County to Team Up on Tourism


Moving away from individual campaigns that have sometimes pitted one city against another, Ventura County economic boosters are creating a group to promote countywide tourism.

Momentum for a collaborative marketing campaign was building before the Sept. 11 attacks, said Janel Huff, director of the Economic Development Collaborative of Ventura County, which hosted a tourism brainstorming session last week.

Those attending the session, including businesspeople, county tourism officials, directors of local visitors bureaus and city representatives, agreed to form a steering committee to develop a regional marketing plan to get underway early next year. How the marketing effort will be paid for has yet to be worked out.

Focus Turns to Luring Motorists


Meanwhile, the increased fear of flying since the terrorist attacks has shifted much of the travel from airlines to road trips. That has provided added incentive to develop a regional marketing plan that encourages vacationers within driving distance to stay several days and visit more than one site.

Organizations from the county’s 10 cities believe they could launch a stronger advertising campaign if they pool their finances.

Spearheading the campaign through the economic collaborative will be Ed Robings, a cultural tourism advocate and former museum director.

“People like to stay at one place, unpack their bags and make short trips to other places--see the Reagan library in Simi Valley, the Carnegie Museum in Oxnard and the Ojai Valley Inn, maybe catch a play or musical at the Civic Arts Plaza in Thousand Oaks,” Robings said.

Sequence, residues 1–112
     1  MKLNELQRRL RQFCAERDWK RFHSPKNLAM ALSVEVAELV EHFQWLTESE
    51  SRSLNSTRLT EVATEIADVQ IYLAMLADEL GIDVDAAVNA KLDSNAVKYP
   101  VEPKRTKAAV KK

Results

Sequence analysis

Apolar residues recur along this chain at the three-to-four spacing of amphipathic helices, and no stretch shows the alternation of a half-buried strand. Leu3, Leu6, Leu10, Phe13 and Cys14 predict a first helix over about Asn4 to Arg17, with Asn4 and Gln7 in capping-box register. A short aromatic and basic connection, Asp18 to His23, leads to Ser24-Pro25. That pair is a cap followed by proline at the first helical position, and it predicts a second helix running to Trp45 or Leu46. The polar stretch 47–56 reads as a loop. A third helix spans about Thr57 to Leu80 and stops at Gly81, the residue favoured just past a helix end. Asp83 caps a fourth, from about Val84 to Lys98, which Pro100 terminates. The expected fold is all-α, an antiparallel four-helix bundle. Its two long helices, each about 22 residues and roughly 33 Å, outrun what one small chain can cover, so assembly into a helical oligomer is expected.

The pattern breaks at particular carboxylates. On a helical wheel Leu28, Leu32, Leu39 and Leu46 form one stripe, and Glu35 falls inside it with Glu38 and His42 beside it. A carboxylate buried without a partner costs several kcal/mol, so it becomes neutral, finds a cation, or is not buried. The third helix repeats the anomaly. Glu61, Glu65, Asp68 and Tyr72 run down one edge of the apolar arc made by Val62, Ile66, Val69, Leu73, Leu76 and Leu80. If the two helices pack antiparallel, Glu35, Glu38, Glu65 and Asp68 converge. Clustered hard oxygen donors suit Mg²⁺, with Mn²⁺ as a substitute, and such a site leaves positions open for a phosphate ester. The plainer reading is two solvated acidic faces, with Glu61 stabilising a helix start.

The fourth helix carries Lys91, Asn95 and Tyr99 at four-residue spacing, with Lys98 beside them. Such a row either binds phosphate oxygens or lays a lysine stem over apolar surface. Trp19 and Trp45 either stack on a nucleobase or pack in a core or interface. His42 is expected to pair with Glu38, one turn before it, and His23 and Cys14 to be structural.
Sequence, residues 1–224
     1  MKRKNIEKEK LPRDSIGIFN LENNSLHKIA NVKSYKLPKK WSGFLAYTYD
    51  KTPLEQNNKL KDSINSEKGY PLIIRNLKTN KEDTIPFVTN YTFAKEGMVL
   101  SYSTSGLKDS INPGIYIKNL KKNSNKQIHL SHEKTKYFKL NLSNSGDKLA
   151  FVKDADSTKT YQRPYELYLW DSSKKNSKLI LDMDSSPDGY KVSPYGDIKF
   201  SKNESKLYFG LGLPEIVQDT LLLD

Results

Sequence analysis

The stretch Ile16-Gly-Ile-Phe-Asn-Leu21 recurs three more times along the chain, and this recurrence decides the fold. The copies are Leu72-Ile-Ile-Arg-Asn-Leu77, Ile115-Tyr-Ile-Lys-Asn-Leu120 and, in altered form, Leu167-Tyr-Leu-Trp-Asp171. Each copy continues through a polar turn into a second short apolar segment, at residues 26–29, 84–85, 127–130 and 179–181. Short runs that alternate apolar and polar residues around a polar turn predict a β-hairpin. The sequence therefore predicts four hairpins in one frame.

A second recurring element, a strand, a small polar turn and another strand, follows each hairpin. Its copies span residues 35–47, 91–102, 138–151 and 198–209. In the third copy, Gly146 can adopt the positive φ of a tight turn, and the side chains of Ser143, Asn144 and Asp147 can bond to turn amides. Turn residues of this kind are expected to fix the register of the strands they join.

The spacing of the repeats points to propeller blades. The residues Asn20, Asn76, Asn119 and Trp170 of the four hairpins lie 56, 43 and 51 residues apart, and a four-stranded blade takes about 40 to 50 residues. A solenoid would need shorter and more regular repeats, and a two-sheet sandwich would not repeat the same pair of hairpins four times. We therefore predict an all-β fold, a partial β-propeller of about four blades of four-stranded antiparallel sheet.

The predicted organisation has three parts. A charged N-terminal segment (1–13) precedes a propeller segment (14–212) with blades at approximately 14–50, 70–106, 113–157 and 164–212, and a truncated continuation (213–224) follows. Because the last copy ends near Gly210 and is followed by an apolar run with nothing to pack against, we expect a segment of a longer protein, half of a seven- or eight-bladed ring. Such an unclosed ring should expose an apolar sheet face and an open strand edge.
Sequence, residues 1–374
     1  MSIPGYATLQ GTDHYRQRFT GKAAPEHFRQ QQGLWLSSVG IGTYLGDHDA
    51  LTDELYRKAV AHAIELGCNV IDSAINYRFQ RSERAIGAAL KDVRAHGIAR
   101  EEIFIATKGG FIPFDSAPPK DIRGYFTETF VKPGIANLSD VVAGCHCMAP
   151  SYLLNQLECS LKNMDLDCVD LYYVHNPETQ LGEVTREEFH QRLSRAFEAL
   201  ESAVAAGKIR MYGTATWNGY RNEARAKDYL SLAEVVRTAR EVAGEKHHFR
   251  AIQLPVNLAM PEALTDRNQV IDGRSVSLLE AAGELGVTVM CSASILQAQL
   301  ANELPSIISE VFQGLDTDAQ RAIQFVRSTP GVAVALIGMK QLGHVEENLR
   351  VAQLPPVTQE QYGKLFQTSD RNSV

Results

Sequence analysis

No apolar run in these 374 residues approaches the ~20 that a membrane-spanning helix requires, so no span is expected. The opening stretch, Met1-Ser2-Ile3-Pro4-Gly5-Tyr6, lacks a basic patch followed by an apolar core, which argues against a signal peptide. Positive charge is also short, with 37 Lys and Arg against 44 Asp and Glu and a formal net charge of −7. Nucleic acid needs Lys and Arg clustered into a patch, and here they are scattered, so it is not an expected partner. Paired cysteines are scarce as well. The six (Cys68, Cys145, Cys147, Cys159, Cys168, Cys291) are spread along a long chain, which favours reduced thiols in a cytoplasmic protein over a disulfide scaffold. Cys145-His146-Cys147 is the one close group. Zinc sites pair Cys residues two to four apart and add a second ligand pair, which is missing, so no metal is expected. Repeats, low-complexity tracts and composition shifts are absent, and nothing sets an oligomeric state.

By early next year, he hopes to launch a Web site that would allow potential visitors to obtain information about events in each of the county’s cities.

“Ventura County really has a lot of what people are seeking these days,” said Kathy Janega-Dykes, executive director of the Ventura Visitors and Convention Bureau. “It’s a safe rural haven. It offers that small-town atmosphere that is very appealing to people these days.”

Hotel Occupancy Fell in September

Since Sept. 11, she said, “more people are driving to nearby destinations. It’s more important than ever for all of us in Ventura County to work collectively to market the region.”


Hotel occupancy rates in September were down 11.5% countywide from a year ago, Janega-Dykes said. October numbers were not available, but local tourism officials said hotel visits seem to have been making a comeback in recent weeks.

“We’re going to recover these losses quicker because we’re in a drive-time area and not heavily populated, where there might be [the perception of] a big risk,” said Carol Lavender, executive director of the Oxnard Convention and Visitors Bureau.